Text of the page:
Archive for September, 2008

A: Mary had a lotta lamb

Posted in Mains with tags , , , , on September 30, 2008 by gluttondressedaslamb

and so she made lasagne!

lambsagne anyone?

lambsagne anyone?

A 1.5kg leg of lamb is a rather ambitious per-person portion serve when cooking for 2. So, after packing away 2 lunches of roast lamb with rice and veggies and 600g of leftover meat, I decided it was time for (drum roll please) LAMBSAGNE!!!

Now, my friend Sarah who is as Italian as they come (oh the stories she will tell of sauce-making marathons and don’t even get me started on the virtues of homemade cacciatore sausages!) once made lasagne for me. And I’m not remotely interested in bettering hers, but she did have one addition that really did it for me- hardboiled eggs! Her mother adds chopped up egg to hers, as did her mother’s mother, and it made me feel like the last 28 years of my lasagne-eating life was an entire waste of time. (Not that I’m the melodramatic sort…) Now, where was I? Oh yes, LAMBSAGNE!!!

First, meat sauce:

Fry off 3 garlic cloves in olive oil.

Add 1 jar of passata, 1 400g tin of tomatoes, 1/2 cup of red wine, 2 bay leaves, 2 tsp oregano and simmer covered for 30 minutes.

Add 600-700g leftover roast meat and simmer for a further 30 minutes.

Mmmmm...... lamb......

Mmmmm...... lamb......

Second, bechamel:

Melt 80g butter in a pan.

Add 1/3 cup flour and stir for 2 minutes.

Add 1 litre warm milk a little at a time and stir well.

Add 1 bay leaf, pinch of nutmeg and 1/2 tsp peppercorns and simmer until the sauce loses its raw flour taste. Season well.

Lay a piece of baking paper over the white sauce to prevent a skin from forming.

Lay a piece of baking paper over the white sauce to prevent a skin from forming.

Other important bits:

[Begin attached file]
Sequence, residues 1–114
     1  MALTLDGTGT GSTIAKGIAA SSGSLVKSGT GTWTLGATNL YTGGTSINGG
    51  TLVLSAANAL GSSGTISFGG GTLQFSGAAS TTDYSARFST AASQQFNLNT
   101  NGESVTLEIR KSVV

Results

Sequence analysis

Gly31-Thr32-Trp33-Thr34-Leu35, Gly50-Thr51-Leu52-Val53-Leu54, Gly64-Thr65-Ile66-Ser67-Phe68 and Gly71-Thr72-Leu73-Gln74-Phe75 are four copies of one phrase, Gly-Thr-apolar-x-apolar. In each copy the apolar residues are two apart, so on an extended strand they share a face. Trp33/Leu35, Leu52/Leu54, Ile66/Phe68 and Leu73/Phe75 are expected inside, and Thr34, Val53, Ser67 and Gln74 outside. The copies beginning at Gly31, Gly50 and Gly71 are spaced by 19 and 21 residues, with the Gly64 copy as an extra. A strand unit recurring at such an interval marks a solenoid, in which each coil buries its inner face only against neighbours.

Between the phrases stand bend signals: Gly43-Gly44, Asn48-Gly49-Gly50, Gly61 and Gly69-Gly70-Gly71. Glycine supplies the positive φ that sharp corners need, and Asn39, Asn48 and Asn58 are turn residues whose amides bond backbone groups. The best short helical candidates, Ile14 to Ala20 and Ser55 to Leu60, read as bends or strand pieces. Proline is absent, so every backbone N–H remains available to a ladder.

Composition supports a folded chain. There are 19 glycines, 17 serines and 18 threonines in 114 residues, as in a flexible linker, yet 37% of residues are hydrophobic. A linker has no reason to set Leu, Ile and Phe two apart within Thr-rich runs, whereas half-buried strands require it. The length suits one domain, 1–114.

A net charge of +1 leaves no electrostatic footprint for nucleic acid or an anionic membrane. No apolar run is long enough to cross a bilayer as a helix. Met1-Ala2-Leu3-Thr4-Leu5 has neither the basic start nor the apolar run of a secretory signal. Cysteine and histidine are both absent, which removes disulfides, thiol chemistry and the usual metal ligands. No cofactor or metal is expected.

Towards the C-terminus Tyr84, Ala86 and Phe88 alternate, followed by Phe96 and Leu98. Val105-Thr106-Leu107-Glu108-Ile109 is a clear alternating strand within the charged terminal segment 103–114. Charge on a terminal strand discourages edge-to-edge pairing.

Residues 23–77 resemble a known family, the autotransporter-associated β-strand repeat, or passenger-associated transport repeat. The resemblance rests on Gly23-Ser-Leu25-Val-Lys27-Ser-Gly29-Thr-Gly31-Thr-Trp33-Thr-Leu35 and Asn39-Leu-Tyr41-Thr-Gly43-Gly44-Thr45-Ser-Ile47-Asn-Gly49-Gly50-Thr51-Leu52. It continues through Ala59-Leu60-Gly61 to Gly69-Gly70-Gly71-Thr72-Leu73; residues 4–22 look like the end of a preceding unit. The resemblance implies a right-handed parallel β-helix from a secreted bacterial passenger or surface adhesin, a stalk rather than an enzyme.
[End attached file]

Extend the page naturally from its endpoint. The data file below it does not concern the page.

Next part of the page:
6 hardboiled eggs, roughly chopped

200g parmasan, grated

Fresh mozzarella (2-3 balls)

Instant lasagne sheets (if you can be bothered to use fresh and do the whole pre-boiling thing, go for it!)

Now the fun bit, layering!

Start with pasta, followed by meat, white sauce, egg, lots of cheese. Repeat until you run out of sauce, making sure you finish with pasta followed by white sauce, more parmasan and shredded mozzerella.

Bake in a 200C oven for 45-60 minutes. The lambsagne should be golden and blistering with cheesy, bechemel-ly goodness at this point. Makes enough for 6-8, which meant more luscious leftovers for us, YAY! If you can wait, this tastes even better the day after! Effectively, $20 for a leg of lamb= (and I counted this one) roast dinner for 2 + roast lunch for 2 + lambsagne dinner for 2 + lamsagne lunch for 2 + emergency lambsagne in freezer for 2!

I’m certain I missed my calling as a farmer’s wife…


R: Doggone Dang Diggily Ding!

Posted in Uncategorized on September 30, 2008 by gluttondressedaslamb

Every year at the royal show, some food item would catch my eye.ย  This year it was the rack of ribs. Flame grilled before your very eyes, BBQ baste blistering away. In a previous year, it was the Dagwood Doggone Dang Diggily Ding Dongย Dog. Big, crumb coated crispiness on a stick, juicy ketchup running down the sides (image from flickr).